Tuesday, September 2 2014 8:03 AM EDT2014-09-02 12:03:37 GMT
It's a crime that continues to generate anger and disbelief in Montgomery and beyond- the destruction of the home of Civil Rights icon Rosa Parks. The case took center stage this Labor Day at an annualMore >>
The community is uniting to help catch the criminals who desecrated a piece of Montgomery history. The vandalism of Rosa Parks' home angered many across the city and hundreds have donated in an effort to help find those responsible. Crimestoppers is hoping a bigger reward will crack the case.More >>
Tuesday, September 2 2014 8:01 AM EDT2014-09-02 12:01:36 GMT
A Russian official is complaining that EU Commission President Jose Manuel Barroso breached confidentiality when he quoted President Vladimir Putin as saying Moscow could take over Kiev in two weeks if it wished.More >>
Russian military forces have been spotted in both major rebel-held cities in eastern Ukraine, an official said Tuesday, prompting Ukraine to declare it now has to fight the Russian army, not just the separatists.More >>
Tuesday, September 2 2014 5:11 AM EDT2014-09-02 09:11:28 GMT
U.S. military forces attacked the Islamic extremist al-Shabab network in an operation in Somalia on Monday, the Pentagon said, in a strike a Somali official said targeted the group's fugitive leader.More >>
U.S. military forces attacked the extremist al-Shabab network in Somalia Monday, the Pentagon said, and a witness described ground-shaking explosions in a strike that reportedly targeted the group's leader.More >>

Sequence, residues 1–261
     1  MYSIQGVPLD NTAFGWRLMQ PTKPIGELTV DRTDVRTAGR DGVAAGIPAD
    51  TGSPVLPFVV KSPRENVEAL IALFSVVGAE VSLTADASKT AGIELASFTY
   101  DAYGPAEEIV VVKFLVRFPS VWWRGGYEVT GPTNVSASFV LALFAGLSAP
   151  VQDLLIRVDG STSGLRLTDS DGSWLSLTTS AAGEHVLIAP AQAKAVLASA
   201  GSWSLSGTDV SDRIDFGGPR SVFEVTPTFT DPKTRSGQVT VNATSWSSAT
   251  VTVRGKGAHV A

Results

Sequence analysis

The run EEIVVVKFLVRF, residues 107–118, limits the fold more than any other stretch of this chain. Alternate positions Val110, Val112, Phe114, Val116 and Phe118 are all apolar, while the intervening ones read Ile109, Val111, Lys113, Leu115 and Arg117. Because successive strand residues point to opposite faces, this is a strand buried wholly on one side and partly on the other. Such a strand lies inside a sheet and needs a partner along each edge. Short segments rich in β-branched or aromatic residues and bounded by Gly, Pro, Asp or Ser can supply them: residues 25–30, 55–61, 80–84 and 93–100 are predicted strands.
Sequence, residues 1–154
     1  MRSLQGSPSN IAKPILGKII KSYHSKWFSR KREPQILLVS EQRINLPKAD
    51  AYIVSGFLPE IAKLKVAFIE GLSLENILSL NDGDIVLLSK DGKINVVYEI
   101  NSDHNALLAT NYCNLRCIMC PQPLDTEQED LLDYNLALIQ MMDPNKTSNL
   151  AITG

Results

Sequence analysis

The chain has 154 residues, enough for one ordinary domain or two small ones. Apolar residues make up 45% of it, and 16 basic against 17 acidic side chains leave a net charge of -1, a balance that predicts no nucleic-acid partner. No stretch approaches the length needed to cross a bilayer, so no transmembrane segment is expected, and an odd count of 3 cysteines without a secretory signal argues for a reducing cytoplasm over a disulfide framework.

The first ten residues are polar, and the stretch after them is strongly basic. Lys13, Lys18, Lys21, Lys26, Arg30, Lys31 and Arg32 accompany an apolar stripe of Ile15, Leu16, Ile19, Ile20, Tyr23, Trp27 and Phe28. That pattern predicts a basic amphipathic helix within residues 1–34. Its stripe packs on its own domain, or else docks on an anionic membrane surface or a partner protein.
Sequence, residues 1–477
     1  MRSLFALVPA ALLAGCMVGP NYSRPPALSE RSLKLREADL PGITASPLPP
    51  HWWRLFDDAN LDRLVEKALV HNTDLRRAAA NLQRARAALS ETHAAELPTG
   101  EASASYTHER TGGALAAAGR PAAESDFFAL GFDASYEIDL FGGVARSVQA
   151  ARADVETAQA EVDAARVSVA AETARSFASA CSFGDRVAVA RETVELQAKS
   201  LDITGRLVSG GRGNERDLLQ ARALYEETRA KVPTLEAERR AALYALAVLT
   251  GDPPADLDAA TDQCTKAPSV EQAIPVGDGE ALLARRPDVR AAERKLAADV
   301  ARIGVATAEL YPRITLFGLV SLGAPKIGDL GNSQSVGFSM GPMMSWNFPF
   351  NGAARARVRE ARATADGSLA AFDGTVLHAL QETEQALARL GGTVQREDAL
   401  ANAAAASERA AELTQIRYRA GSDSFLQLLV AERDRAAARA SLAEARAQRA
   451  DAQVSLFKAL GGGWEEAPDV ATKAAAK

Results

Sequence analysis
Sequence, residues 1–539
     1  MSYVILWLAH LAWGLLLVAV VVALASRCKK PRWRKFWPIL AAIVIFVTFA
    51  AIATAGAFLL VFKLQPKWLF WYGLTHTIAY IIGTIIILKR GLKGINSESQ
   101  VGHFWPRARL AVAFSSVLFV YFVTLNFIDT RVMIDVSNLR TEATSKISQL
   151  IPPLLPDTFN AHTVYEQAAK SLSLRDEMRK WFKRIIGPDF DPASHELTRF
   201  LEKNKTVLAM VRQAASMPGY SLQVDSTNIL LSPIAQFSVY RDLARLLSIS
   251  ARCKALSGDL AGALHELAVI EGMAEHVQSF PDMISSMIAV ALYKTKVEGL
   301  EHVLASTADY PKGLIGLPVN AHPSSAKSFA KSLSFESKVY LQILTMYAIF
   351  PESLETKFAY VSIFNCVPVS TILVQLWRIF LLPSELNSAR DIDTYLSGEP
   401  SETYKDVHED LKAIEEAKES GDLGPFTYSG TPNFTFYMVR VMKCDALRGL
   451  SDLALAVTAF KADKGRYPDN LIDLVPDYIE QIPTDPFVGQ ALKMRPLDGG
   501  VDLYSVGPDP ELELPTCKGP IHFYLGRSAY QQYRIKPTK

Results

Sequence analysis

MONTGOMERY, AL (WSFA) -
With money in hand, the town of Mosses can now move forward with something they've been trying to do for decades.
"For the first time, not being reliant upon a septic system," Hill said.
The Black Belt soil and raw sewage issued has plagued Lowndes County.
Mosses Mayor Walter Hill says the plan is underway to disconnect septic tanks at 90 homes and connect these homes to the water sewer system; residents finally having access to modern-day plumbing.
"We secured the engineering. We are now in the beginning phase of advertisement portion of it," Hill said.
Mayor Hill broke the news to Pauline Johnson who's lived in this house for 44 years with the same septic tank that's has cost her $20,000 to maintain.
"I always had trouble, a lot of problems with it. It's a big relief. I call it a blessing," Johnson said.
Mayor Hill says construction will start in January. A new partnership with the water department has been created.
"The water authority and the city agreed in a partnership to begin immediately making ready for the next phase, which that phase will take in every resident and business and include additional expansions to prepare for the next round of connecting every resident in this community to a sewer," Flowers said.
Catherine Flowers with the Alabama Center for Rural Enterprise has been pushing for more funding. She says this is a good step, but only the tip of the iceberg.
"The state needs to step up and make this a priority so that we will not see even more third-world diseases that are related improper waste water," Flowers said.
Just to put in perspective, flowers says nearly three thousand residents countywide do not have modern-day water sewer systems and are living among raw sewage. 1100 of those residents live in Mosses.
Mayor Hill says he hopes to partner with neighboring Gordonville to be able to assist residents in there efforts to connect to a water sewer system. So far, that town has not received funding.